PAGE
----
Conclusion

TEE is a recognized and accurate method for diagnosis of all thoracic aortic diseases. This technique does not expose the patient to radiation or injection of toxic contrast agent. TEE can be performed at the bedside and in critical circumstances. In addition, it provides determinant data concerning left ventricular function, volumes and associated valve abnormalities. It requires a trained medical team. Nevertheless, aortic diseases need a regular follow-up. In that case, MRI offers the...

Management Strategy

IMH usually appear on aortas with little atheroma lesions, oppositely to APU. So, evolution towards a frank dissection is frequent in the case of IMH, by media splitting, whereas in the case of UPA, fibrous changes of the aortic wall due to atheroma limit the extension of the dissecting process. Evolution towards localized dissection can be completely silent 1, 2 . Association of persistent or recurrent pain, evolving serous or hemorrhagic effusion, and dynamic instability constitute a syndrome...

Dissection

Despite the frequency of acute aortic dissection, there are few large series published on the outcomes of dissections and most are long retrospective multicenter studies confounded by inconsistent methods of treat ment and data collection. The IRAD study, a prospective multicenter registry has now been created to address some of these concerns. This study 7, 8 provides better understanding of the clinical profile and outcomes of patients with acute type B aortic dissection, helping clinicians...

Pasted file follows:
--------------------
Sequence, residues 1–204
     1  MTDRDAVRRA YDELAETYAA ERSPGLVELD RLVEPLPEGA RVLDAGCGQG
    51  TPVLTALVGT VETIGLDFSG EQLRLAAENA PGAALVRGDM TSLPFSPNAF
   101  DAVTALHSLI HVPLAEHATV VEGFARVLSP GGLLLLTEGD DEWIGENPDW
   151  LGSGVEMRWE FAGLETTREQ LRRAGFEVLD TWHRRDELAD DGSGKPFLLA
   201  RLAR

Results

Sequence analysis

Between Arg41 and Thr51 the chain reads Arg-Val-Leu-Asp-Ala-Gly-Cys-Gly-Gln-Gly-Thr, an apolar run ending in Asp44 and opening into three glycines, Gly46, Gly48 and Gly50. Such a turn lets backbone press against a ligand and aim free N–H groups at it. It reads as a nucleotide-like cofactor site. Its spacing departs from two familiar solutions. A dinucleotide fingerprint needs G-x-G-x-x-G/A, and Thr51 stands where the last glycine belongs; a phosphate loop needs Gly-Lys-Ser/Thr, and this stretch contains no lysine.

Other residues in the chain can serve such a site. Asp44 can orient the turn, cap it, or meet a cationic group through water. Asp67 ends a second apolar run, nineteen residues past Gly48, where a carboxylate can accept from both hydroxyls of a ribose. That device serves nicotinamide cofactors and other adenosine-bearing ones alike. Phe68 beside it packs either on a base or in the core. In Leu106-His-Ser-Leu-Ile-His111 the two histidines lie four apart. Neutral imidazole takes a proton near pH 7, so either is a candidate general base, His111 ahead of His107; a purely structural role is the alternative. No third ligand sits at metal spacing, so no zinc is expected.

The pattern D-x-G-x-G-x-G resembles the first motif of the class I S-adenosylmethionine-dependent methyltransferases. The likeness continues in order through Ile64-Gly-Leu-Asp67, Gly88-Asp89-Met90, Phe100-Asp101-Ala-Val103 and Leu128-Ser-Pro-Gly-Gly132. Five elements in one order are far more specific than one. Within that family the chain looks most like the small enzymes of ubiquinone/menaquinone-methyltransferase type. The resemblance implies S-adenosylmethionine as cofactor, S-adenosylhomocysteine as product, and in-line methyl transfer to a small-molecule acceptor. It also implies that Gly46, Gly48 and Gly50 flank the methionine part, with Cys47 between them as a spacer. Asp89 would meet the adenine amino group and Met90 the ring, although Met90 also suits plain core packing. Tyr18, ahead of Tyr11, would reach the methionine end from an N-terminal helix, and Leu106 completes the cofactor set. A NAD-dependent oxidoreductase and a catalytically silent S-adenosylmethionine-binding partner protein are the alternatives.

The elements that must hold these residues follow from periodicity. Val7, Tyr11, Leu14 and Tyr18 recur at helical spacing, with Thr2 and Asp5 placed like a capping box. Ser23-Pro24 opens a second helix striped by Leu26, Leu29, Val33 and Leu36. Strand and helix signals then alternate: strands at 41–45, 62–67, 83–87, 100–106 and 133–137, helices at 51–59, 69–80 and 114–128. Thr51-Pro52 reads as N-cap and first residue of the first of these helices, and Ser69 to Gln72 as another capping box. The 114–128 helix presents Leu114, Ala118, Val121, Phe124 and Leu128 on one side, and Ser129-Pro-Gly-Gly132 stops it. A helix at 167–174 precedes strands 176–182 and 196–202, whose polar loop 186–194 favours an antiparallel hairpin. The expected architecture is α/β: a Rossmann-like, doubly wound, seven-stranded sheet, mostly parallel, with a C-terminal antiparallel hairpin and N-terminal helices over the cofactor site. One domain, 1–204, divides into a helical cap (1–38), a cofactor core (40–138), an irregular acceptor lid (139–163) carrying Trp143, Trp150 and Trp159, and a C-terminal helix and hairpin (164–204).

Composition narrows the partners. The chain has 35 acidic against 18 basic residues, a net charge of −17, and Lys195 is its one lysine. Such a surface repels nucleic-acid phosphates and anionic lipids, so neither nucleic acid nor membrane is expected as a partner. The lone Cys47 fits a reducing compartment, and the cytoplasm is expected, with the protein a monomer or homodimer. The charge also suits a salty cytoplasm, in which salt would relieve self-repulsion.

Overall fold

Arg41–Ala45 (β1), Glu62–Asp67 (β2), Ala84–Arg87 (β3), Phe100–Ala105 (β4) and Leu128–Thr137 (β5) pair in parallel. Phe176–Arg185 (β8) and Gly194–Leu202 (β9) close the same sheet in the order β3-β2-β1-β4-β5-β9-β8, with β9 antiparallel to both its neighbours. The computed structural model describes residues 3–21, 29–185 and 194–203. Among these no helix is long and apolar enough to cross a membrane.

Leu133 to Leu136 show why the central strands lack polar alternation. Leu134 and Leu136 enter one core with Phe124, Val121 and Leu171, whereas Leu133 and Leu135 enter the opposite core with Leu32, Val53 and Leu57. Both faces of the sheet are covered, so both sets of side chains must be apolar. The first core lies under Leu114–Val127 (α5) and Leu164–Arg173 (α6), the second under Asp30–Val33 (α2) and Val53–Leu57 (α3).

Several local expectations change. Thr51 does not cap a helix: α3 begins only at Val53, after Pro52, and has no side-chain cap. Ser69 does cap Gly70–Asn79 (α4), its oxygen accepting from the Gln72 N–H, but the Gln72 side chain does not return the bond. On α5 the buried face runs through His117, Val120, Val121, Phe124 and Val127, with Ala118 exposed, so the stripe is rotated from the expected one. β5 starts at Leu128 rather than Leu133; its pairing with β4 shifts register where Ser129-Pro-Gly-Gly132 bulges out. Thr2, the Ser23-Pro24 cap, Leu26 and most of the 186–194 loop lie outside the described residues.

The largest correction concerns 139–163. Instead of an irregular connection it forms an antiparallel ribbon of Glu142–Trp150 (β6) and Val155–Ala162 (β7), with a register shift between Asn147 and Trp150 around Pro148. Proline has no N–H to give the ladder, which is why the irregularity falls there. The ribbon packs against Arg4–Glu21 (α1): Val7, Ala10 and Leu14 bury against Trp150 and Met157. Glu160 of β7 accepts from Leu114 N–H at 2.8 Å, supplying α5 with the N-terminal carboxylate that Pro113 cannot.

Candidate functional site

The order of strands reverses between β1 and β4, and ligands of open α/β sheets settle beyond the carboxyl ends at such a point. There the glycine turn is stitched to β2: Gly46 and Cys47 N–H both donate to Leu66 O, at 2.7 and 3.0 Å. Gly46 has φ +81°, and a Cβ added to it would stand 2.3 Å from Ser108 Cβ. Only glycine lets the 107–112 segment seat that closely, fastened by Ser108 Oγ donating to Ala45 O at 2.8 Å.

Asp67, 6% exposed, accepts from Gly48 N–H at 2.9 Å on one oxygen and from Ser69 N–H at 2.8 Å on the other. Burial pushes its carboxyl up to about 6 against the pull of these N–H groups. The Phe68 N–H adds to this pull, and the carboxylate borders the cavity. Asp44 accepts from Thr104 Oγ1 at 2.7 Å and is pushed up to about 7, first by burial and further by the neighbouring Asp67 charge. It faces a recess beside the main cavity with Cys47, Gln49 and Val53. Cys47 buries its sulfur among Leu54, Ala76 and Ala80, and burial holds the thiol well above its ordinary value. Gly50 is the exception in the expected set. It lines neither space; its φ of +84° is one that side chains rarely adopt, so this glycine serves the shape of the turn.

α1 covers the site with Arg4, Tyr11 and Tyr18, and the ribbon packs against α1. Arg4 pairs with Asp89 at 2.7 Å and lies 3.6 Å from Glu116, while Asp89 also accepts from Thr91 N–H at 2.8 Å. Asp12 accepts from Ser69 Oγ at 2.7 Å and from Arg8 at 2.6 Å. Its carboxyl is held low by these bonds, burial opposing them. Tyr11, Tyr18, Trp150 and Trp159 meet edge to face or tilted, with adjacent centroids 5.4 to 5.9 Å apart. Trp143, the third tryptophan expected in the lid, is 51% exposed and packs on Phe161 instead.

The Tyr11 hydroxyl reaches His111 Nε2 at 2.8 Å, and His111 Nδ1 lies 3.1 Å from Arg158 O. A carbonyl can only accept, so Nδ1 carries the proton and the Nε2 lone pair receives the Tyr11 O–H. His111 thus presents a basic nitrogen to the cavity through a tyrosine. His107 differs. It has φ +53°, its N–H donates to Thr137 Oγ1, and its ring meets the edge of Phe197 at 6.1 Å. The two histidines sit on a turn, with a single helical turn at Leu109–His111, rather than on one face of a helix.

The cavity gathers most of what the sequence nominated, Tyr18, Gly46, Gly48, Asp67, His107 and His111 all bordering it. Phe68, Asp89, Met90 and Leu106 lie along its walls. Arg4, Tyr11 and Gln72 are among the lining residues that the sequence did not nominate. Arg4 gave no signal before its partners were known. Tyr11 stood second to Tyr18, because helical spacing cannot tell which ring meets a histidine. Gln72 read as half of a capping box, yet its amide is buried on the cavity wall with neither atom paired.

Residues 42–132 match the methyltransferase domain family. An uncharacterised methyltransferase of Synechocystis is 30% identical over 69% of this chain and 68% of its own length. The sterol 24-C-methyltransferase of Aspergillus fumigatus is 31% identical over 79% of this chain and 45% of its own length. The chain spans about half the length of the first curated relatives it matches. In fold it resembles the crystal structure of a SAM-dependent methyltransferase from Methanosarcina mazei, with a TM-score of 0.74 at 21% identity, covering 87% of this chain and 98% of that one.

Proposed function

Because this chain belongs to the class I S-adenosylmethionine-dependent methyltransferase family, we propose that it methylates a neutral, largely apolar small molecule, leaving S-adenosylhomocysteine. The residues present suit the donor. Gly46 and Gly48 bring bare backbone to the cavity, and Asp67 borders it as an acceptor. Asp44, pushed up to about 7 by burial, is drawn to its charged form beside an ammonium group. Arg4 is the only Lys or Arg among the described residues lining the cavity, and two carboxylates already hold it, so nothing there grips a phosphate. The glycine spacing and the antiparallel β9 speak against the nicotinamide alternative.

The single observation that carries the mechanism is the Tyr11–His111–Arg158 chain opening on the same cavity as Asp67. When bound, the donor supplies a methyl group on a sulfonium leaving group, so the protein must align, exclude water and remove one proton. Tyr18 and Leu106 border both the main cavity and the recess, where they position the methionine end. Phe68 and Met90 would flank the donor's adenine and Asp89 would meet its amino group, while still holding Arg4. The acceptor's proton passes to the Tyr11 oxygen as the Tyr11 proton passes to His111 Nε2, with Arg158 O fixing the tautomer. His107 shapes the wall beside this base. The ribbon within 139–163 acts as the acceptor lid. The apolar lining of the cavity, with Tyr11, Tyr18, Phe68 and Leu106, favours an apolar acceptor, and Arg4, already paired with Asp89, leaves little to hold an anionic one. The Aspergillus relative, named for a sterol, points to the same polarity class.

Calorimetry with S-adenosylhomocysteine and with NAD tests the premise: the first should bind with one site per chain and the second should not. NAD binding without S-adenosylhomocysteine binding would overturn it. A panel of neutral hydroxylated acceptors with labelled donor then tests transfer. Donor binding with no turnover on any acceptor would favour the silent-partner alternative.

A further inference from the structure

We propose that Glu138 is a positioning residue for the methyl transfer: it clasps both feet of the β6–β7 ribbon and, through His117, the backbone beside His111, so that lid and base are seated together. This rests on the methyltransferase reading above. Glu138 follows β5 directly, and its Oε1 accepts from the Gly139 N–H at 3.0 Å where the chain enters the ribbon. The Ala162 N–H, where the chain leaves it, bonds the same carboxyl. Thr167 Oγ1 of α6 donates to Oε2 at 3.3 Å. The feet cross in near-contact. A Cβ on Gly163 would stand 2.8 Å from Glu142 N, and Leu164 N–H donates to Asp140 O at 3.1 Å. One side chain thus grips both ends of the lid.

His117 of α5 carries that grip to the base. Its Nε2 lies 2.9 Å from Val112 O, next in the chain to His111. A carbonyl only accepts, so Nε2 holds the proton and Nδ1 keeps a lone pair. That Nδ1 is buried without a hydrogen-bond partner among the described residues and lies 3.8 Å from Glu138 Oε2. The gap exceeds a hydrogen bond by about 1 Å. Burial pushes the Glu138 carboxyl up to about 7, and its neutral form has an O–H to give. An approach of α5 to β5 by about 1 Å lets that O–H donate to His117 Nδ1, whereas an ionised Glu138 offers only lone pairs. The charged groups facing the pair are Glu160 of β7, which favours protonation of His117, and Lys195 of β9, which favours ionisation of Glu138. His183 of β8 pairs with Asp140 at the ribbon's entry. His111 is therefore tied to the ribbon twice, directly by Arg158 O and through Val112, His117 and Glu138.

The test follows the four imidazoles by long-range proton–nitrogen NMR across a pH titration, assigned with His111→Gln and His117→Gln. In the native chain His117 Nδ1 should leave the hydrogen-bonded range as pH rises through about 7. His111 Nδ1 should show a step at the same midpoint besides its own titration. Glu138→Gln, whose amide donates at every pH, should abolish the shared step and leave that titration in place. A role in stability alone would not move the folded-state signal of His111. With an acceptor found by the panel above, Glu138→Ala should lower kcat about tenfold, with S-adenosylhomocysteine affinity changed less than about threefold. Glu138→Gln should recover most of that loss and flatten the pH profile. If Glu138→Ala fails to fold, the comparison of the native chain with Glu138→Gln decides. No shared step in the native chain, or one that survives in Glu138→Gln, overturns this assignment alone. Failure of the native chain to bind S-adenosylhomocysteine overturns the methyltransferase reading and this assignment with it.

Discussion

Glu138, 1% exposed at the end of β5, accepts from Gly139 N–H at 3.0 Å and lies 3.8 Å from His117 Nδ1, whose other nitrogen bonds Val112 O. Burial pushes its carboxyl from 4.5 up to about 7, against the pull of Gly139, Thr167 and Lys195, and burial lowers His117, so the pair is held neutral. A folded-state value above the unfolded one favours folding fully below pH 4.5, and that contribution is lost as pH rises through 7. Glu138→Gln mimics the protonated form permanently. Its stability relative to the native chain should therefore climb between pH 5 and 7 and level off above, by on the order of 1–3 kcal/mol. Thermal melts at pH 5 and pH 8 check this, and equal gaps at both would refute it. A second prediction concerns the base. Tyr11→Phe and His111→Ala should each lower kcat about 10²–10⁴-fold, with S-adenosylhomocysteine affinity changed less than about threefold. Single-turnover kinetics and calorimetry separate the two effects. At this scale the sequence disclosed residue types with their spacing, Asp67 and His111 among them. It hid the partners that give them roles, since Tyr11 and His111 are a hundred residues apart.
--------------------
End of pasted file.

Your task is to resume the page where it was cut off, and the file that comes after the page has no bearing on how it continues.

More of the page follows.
Vasa vasorum

In normal circumstances, the intima and the inner part of the aortic media are avascular. It is important to point out that the vasa vasorum are present in the medial layer only when this layer has more than 29 lamellar units and, in such cases, they will only be found in the region of the medial layer that is beyond these 29 units 6 . The region of the medial layer corresponding to the 29 subintimal units is an avascular area and one may presume that the nutrients flow via transintimal...

Acute Traumatic Aortic Rupture Stent Graft Repair

Herv Rousseau, Jean Phillipe Bolduc, Camille Dambrin, Bertrand Marcheix, Guillaume Canevet, B. Leobon, C. Cron, Philippe Otal, Jean-Michel Bartoli, Gerard Fournial 33.1 Introduction 331 33.2 Pathophysiology 331 33.3 Conventional Treatment 331 33.4 Concept of Delaying Repair 332 33.6 Our Therapeutic Strategy 332 33.8 Potential Limitations 336

Anatomy